Tangible Media Group has created a shapeshifting display that lets users interact with digital information in a tangible way.
As previously shared on Bits & Pieces, MIT Media Lab’s Tangible Media Group has devised a morphing table with several ATmega2560 MCUs under the hood. The installation was recently exhibited at the Cooper-Hewitt Smithsonian Design Museum in New York, and can be seen in action below!
inFORM is described its creators as a dynamic shape display that can render 3D content physically, so users can interact with digital information in a tangible way. In order to make that a reality, the table is equipped with 900 individually actuated white polystyrene pins that make up the surface in an array of 30 x 30 pixels. The interactive piece can display 3D information in real-time and in a more accurate and interactive manner compared to the flat rendering often created by computer user interface.
This was all accomplished by tasking a Kinect sensor to capture 3D data. This information was then processed with a computer and relayed over to a display, enabling the system to remotely manipulate a physical ball. Aside from being able to produce a controlled physical environment for the ball, the pins are able to detect touch, pressing down and pulling.
An overhead projector provides visual guidance of the system, with each pin capable of actuating 100mm and exerting a force of up to 1.08 Newtons each. Actuation is achieved via push-pull rods that are utilized to maximize the dense pin arrangement — making the display independent of the size of the actuators. The table is driven by 150 ATmega2560 based Arduino PCBs arranged in 15 rows of vertical panels, each with 5×2 boards. The boards then communicate with a PC over five RS485 buses bridged to USB. Meanwhile, graphics are rendered using OpenGL and openFrameworks software.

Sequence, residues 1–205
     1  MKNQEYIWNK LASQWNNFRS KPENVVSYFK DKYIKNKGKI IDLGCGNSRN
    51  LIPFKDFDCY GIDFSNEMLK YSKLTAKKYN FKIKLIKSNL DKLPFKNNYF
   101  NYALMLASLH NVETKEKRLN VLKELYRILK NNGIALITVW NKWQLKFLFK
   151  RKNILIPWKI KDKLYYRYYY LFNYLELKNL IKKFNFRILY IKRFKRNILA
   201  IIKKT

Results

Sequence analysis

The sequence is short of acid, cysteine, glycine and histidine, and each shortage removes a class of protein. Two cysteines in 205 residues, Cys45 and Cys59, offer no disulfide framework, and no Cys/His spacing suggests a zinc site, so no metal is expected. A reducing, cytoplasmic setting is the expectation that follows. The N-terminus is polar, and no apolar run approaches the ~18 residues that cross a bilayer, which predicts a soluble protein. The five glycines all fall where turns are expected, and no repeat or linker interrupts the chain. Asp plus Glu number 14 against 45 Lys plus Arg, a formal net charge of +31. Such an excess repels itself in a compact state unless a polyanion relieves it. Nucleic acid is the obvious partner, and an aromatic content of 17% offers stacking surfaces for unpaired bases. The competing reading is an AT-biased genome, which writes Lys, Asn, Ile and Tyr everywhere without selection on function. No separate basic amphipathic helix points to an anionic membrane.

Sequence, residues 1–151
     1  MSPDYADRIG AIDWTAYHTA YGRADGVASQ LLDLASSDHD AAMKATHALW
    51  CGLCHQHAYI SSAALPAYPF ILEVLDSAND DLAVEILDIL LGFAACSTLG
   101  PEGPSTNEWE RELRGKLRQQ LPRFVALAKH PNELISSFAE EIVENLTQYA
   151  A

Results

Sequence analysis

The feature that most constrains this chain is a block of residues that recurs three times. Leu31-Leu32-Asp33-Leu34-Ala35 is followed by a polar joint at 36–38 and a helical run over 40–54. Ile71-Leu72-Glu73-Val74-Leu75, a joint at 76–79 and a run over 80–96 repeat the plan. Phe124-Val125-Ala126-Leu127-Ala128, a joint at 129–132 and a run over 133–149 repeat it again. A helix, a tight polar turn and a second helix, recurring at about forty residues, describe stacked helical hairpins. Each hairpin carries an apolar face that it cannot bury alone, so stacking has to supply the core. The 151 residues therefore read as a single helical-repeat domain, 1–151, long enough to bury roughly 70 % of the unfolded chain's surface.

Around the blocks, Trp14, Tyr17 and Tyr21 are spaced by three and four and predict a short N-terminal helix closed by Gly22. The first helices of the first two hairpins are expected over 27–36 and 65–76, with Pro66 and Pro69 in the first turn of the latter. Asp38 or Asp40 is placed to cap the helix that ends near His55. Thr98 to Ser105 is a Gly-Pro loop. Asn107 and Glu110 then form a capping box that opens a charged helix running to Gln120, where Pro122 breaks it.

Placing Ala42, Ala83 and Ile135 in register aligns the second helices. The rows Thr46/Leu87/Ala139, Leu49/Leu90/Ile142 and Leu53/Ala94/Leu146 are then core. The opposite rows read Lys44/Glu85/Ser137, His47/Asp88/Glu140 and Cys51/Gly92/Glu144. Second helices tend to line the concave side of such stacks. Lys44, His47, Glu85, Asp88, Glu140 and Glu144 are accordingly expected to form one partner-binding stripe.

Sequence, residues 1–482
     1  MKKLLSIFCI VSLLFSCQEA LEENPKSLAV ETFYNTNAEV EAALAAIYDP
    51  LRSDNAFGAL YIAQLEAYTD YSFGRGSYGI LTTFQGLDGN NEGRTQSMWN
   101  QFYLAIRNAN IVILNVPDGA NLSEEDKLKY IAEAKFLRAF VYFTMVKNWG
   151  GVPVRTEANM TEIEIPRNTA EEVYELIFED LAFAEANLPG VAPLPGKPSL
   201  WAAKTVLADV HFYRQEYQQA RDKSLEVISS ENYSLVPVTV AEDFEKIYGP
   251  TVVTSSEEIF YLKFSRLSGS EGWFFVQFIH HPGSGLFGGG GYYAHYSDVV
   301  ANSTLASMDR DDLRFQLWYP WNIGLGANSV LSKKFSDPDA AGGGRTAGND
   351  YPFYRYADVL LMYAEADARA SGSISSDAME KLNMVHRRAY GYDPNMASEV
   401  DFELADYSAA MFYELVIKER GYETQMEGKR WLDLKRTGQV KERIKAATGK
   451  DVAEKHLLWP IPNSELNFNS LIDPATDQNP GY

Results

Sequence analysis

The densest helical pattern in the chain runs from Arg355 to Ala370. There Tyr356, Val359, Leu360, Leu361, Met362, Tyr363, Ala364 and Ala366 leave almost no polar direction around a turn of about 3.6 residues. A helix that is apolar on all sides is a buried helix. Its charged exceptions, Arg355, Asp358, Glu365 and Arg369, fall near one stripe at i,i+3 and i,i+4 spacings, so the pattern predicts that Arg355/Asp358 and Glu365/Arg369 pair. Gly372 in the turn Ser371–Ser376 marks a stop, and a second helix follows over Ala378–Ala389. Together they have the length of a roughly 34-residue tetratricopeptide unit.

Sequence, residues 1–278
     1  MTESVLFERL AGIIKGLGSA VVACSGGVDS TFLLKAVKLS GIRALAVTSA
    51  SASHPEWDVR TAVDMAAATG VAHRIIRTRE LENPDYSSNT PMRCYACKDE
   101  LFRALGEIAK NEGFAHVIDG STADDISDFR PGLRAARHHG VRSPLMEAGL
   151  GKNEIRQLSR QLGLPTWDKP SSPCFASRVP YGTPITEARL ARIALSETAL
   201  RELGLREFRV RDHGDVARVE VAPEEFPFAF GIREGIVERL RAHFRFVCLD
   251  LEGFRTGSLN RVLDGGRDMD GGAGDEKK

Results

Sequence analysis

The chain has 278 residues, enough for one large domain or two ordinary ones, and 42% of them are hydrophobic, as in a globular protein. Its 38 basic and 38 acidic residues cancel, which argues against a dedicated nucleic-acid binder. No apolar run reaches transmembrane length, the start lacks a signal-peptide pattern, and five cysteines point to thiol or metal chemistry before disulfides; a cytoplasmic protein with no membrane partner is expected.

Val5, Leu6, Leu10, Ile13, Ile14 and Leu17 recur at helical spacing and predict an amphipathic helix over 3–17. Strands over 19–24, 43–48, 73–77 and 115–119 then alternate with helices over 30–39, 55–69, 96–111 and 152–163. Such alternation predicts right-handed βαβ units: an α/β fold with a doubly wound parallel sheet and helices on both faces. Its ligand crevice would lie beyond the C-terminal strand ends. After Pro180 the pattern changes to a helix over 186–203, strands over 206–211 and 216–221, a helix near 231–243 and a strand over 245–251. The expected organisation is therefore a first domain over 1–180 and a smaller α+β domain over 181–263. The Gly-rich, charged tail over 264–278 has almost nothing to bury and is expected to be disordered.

“One area we are working on is Geospatial data, such as maps, GIS, terrain models and architectural models. Urban planners and architects can view 3D designs physically and better understand, share and discuss their designs,” the team writes. “Cross sections through Volumetric Data such as medical imaging CT scans can be viewed in 3D physically and interacted with. We would like to explore medical or surgical simulations. We are also very intrigued by the possibilities of remotely manipulating objects on the table.”
Its creators are hoping to spark several collaborations with everyone from urban planners and architects, to designers and modelers, to doctors and surgeons. The display could be used as an alternative to 3D printing low-resolution prototypes as well as rendering 3D data — ranging from construction plans and CT scans — that a user will be able to interact with by physically molding the pins.
Interested? A detailed paper of the project by can be found here.